Here is what I really wish I knew: What is it that gives value to a life? How do you know if you are doing/being that kind of person, the one that matters, the one whose absence will be felt, the one whose presence will live on, long after they have gone?

The Radical Defiance of Giving Thanks

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Give thanks in all circumstances; for this is God’s will for you in Christ Jesus. ~I Thessalonians 5:18

Much of the time I feel like I lead a charmed life saturated with beauty and grace. Gratitude, for me, is as natural as breathing. But there have been seasons in my life when choosing to be grateful was an act of radical defiance. A trembling candle held out against the gathering dark. Maybe you know what that feels like. Maybe you are there now.

Gregory Petrov knew. A priest, he had been imprisoned by revolutionary forces in a Siberian gulag. Here, he would meet his death. In his personal effects, they found a prayer. He had titled it “Glory to God for All Things”–words uttered by St. John Chrysostom as he was dying in exile. An act of radical defiance. “A song of praise from amidst the most terrible sufferings.”

Last night we prayed his words. At times, their piercing loveliness caught in my throat. My heart swelled and my eyes filled with tears.

Wherever you find yourself on this day, I offer you his words. Perhaps they simply give voice to the deep joy in your heart. But, perhaps they are a vehicle for you to ride into a place of gratitude. A borrowed thanks. A radical defiance against your own gathering dark.

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O Lord, how lovely it is to be Thy guest. Breeze full of scents; mountains reaching to the skies; waters like boundless mirrors, reflecting the sun’s golden rays and the scudding clouds. All nature murmurs mysteriously, breathing the depth of tenderness. Birds and beasts of the forest bear the imprint of Thy love. Blessed art thou, mother earth, in thy fleeting loveliness, which wakens our yearning for happiness that will last for ever, in the land where, amid beauty that grows not old, the cry rings out: Alleluia!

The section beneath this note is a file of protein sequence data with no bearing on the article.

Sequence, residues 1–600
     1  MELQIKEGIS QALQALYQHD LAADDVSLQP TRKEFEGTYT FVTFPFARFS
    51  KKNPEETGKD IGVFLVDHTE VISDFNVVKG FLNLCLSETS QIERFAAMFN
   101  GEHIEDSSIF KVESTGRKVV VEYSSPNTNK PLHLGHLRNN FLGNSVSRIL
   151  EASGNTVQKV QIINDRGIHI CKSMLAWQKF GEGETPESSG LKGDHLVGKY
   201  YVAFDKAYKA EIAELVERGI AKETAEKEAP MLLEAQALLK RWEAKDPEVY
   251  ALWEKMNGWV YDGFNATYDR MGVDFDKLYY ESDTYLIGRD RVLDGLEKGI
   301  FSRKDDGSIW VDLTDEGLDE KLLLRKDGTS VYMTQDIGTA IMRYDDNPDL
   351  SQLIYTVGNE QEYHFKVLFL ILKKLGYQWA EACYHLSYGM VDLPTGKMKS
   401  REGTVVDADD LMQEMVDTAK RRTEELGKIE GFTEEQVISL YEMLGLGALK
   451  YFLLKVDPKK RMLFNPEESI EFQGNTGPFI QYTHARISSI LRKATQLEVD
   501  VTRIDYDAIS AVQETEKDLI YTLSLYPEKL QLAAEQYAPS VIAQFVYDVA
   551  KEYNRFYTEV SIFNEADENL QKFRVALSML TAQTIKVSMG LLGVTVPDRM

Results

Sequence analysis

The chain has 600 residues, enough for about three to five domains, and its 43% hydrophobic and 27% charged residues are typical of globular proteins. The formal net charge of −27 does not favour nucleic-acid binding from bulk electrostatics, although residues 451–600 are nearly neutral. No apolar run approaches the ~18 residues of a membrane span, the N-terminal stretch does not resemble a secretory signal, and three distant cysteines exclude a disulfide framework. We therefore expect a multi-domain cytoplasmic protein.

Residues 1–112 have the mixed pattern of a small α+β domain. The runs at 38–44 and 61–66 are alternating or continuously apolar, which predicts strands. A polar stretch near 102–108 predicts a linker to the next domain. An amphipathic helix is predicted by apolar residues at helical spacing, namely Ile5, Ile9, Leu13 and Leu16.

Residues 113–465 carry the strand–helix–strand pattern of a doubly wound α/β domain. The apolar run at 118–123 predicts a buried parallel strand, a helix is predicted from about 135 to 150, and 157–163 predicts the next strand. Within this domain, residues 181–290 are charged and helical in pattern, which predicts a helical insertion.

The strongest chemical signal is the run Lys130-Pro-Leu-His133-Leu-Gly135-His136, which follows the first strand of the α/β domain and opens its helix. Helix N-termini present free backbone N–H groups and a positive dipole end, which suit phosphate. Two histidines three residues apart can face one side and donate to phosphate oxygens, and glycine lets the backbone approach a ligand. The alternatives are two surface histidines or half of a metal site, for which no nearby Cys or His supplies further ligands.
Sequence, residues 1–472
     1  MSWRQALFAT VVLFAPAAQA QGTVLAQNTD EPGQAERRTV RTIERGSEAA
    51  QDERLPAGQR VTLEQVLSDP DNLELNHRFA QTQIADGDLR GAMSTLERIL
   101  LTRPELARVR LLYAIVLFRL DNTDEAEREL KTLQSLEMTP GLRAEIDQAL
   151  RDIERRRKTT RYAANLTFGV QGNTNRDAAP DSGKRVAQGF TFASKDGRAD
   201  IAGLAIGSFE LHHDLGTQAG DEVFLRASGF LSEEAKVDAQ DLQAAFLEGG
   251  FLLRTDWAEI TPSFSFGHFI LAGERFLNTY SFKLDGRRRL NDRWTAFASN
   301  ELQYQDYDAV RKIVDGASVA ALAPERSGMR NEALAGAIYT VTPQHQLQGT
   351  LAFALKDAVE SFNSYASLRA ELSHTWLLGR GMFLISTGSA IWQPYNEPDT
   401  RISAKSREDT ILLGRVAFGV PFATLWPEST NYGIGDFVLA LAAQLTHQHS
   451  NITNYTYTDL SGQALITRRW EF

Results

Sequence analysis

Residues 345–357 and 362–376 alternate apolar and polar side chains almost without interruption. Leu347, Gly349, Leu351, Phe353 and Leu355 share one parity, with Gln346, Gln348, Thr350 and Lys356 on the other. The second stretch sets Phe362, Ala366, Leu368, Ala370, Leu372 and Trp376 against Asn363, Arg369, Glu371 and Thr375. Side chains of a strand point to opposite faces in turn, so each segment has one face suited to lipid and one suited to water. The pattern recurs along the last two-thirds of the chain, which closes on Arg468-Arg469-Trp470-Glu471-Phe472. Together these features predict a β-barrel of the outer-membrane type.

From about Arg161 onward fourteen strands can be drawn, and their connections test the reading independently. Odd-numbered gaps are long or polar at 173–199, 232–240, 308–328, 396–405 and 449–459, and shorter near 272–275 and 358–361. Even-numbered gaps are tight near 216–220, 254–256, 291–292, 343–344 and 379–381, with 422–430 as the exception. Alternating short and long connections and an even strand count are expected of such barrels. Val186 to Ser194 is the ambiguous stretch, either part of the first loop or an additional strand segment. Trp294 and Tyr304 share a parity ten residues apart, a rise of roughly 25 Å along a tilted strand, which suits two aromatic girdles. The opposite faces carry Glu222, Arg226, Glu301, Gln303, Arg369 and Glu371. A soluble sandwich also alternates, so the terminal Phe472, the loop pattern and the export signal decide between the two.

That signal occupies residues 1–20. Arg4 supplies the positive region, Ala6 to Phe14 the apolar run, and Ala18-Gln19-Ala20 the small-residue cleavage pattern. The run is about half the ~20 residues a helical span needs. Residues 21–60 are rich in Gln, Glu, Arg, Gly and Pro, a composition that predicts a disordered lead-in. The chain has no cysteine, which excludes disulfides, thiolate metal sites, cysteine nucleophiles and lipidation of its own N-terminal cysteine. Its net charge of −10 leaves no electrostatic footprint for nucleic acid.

Thou hast brought me into life as into an enchanted paradise. We have seen the sky like a chalice of deepest blue, where in the azure heights the birds are singing. We have listened to the soothing murmur of the forest and the melodious music of the streams. We have tasted fruit of fine flavour and the sweet-scented honey. We can live very well on Thine earth. It is a pleasure to be Thy guest.

Glory to Thee for the Feast Day of life
Glory to Thee for the perfume of lilies and roses
Glory to Thee for each different taste of berry and fruit
Glory to Thee for the sparkling silver of early morning dew
Glory to Thee for the joy of dawn’s awakening
Glory to Thee for the new life each day brings
Glory to Thee, O God, from age to age

How glorious art Thou in the springtime, when every creature awakes to new life and joyfully sings Thy praises with a thousand tongues. Thou art the Source of Life, the Destroyer of Death. By the light of the moon, nightingales sing, and the valleys and hills lie like wedding garments, white as snow. All the earth is Thy promised bride awaiting her spotless husband. If the grass of the field is like this, how gloriously shall we be transfigured in the Second Coming after the Resurrection! How splendid our bodies, how spotless our souls!

Glory to Thee, bringing from the depth of the earth an endless variety of colours, tastes and scents
Glory to Thee for the warmth and tenderness of the world of nature
Glory to Thee for the numberless creatures around us
Glory to Thee for the depths of Thy wisdom, the whole world a living sign of it